If you’re in the business of health care marketing and strategy, you can do all the right things and still lose. You can work from your health system’s strategic plan. You can focus on your hospital’s key priorities. You can nail your KPIs and business metrics.

And still come up short.

Because the entire health care landscape is changing. Fast. Every day there’s a new headline about a mega-merger. Traditionally non-health-care brands like Amazon are poised to disrupt the way we buy pharmaceuticals. And the rapid fire policy changes in D.C. impact every facet of health care brands.

To be sure, there will be winners and losers. Your brand’s future comes down to recognizing the patterns of change and responding accordingly.

We’re living in a time of 0 to 1 changes in the health care landscape. Meaning, we’re not experiencing gradual, incremental changes. We’re seeing sharp, distinct, profound, and intense changes that impact everyone.

Here are three “0 to 1” health care shifts:

The shift from local to national health care brands

It used to be that small community hospitals competed with other local hospitals. Every region had its own flavor of health care brands and providers. Now with the mega-merger headlines about Ascension and Aetna and the speculation that Amazon will be getting into the pharmacy business, we are now in an era of national health care brands.

The shift from supply-driven to demand-driven health care

The strategy to drive new patient volume in the past had been to put an Open sign in front of the new hospital or clinic or MRI suite and patients would show up. Back in the day we called it the “Field of Dreams” strategy, based on the film’s rejoinder, “If you build it, they will come.”

Health strategy consultant Candace Quinn says that today’s health care consumerism has shifted the power from the companies and health systems over to the consumers. Now, consumers shop for the best health care quality and cost.

The shift from hospital to home

One of our clients told us that in a few years, if a patient has to come inside one of their hospitals for care, then they’ve failed the patient.

Population Health is no longer a wistful thought. Health care is transforming itself such that I could now be writing this to you in a coffee shop on a Friday afternoon while hundreds of miles away technicians are monitoring my vitals and physiological response to medication. In just a few minutes I could be looking my doctor in the eyes via my smartphone, to let her know I’m feeling great, while enjoying my Chai Tea.

No need to take off work. No need to hunt for a parking spot. No need for an expensive MRI. As the title goes of the book by brilliant thinker Eric Topol, “The patient will see you now.”

THE FUTURE OF HEALTH BRANDS

These 0 to 1 shifts point to a future that’s both exciting and terrifying for brands. A future where there are only winners and losers. And how you read these patterns—and respond—will determine what future you’re building.

In fact, the future for your brand comes down to one of two decisions:

Will your brand try to buy or try to earn its way to the top?

You can try to buy your way to market dominance. You can be the only game in town, the health system that has the contract with the biggest insurance provider. You can force your consumers to use your services because they have no other choice. And because they have no other choice you have no incentive to make their experiences exceptional, remarkable, transformative. Why bother? They have to use you. Until something happens and they have a choice. Then they will leave your brand forever.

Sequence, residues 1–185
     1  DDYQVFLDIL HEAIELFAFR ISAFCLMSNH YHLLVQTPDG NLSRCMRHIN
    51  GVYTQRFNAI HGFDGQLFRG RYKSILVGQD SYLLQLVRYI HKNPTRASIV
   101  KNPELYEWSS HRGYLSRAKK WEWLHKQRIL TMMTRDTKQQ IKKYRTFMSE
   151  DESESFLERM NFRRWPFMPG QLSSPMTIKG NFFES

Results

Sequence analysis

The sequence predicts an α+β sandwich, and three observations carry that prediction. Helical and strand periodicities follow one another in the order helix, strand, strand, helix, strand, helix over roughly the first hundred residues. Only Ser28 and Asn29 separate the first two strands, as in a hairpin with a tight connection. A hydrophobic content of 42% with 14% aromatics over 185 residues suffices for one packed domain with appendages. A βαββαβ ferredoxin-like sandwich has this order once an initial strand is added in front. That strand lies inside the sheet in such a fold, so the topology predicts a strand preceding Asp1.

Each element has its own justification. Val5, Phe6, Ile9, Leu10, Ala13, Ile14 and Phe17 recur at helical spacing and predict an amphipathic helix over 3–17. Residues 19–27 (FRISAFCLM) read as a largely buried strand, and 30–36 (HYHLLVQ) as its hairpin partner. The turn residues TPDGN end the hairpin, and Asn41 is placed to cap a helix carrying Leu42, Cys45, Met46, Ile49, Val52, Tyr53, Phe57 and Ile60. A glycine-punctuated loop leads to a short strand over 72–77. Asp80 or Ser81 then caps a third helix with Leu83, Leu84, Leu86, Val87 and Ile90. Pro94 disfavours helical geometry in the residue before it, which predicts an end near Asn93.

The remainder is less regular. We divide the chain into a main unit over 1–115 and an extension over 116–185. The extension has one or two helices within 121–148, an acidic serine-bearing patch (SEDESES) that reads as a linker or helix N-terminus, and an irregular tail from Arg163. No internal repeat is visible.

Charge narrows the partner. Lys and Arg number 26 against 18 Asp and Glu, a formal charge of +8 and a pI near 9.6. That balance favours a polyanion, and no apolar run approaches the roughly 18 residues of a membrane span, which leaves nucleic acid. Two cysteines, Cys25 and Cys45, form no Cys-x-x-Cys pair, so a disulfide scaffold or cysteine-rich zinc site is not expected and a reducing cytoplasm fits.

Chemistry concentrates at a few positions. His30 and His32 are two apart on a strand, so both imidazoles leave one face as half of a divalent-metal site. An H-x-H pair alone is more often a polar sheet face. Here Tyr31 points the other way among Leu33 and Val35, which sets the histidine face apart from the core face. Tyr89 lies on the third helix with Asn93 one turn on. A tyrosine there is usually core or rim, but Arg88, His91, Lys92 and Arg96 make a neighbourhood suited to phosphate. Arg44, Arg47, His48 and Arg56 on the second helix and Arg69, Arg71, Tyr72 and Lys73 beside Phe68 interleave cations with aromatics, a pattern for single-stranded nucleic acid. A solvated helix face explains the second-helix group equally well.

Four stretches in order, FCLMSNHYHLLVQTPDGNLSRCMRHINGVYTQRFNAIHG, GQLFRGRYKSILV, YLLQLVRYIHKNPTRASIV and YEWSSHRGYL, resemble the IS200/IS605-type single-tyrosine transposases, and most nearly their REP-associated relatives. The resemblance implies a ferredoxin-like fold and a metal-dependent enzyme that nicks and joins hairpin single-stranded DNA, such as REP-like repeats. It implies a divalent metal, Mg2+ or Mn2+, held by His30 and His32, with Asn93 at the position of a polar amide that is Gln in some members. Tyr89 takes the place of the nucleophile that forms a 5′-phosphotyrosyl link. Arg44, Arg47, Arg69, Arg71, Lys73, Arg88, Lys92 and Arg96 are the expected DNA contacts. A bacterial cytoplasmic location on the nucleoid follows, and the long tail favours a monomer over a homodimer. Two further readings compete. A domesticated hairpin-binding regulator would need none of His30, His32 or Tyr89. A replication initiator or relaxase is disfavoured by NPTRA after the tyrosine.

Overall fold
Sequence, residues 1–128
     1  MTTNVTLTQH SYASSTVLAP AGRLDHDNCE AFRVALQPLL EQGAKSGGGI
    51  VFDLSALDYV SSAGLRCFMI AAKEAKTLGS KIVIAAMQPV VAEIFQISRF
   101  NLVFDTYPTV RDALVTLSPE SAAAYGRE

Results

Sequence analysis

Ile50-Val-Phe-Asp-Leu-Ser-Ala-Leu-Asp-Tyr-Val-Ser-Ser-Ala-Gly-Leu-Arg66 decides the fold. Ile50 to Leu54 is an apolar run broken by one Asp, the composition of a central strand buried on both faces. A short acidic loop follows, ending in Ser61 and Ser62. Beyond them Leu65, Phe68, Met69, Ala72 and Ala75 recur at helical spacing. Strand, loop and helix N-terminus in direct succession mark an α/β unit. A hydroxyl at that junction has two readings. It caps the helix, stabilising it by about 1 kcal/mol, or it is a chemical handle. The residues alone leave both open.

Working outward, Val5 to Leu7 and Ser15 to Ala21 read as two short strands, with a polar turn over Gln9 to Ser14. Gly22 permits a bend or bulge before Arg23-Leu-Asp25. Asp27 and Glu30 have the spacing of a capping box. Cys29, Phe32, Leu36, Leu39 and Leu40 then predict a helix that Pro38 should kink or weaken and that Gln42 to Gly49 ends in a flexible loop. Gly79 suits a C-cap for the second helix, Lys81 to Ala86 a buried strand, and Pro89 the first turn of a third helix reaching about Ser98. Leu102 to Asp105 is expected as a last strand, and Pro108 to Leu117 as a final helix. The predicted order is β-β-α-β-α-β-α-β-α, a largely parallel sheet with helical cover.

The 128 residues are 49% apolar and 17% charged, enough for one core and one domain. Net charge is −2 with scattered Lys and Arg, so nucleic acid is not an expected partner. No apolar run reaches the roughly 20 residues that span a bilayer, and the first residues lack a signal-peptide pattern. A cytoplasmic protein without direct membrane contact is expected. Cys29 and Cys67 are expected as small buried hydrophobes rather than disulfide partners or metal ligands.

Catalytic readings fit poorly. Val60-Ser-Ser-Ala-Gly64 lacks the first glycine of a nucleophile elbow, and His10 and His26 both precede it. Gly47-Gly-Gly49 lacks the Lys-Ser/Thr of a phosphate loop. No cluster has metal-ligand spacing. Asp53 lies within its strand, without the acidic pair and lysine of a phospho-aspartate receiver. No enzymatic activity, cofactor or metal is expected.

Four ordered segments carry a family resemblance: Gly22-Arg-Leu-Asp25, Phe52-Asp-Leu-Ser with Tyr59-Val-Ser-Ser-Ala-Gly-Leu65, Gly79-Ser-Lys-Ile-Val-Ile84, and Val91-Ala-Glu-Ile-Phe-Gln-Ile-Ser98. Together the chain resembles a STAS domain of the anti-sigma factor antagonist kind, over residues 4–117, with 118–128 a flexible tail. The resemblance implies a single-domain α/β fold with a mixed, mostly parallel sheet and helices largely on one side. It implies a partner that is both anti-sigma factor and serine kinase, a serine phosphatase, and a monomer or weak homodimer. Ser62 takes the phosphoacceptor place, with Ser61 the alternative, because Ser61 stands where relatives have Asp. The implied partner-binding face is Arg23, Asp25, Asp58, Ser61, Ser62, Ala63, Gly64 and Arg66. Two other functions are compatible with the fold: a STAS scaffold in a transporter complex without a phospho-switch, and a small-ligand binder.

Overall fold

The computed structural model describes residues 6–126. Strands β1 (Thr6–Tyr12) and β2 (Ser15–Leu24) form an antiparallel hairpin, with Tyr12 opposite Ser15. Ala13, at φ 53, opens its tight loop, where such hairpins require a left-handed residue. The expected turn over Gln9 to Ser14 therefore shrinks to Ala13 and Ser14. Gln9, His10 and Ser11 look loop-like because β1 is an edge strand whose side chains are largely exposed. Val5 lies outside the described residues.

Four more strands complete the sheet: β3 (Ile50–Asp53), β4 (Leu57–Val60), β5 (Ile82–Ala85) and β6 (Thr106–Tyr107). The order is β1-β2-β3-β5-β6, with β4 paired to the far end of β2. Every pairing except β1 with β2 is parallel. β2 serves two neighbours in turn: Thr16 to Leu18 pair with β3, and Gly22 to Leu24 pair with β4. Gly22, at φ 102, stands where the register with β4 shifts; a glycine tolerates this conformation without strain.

You can try and earn your way to market dominance. Be the brand that cares the deepest. That goes the extra mile. That remembers every patient is unique. That this could be the most traumatic day of your customer’s life so you’ll give them dignity. Or you might tell your employees that the customer might be having the most stressful day ever so let’s make giving her what she needs radically easy—so much so that she’s likely to rave about you to friends.

Soon there will only be two distinct positions for health brands: commodities that customers could take or leave (and will always, inevitably, leave) or brands that hold sacred trust with the customer, in which the customer will buy whatever you sell, and return to you again and again because you make their life better, easier, healthier.

Commodity or Sacred Trust: which brand positioning is your organization moving to?

In later posts this year and in special resources (make sure to sign up below), we’ll share strategies for building sacred trust with your patients and customers.

In the meantime, here is one question to help your organization choose its future.

Who is my “Ground Zero” customer, the most important person I need to champion, support and design our entire organization around?

Brands like Amazon win because they keep their customer top of mind with every decision they make. But many health brands are different, aren’t they? Leaders of health brands often make decisions for shareholders and other audiences long before they arrive at what’s best for their Ground Zero customer.

Health brands that earn their way to the top champion their customers. And health brands that try to earn their way to the top champion other interests.

And if you’re working for and with brands that don’t put the customer first, no amount of slick marketing will disguise what your customers know to be true: that they won’t be customers for much longer.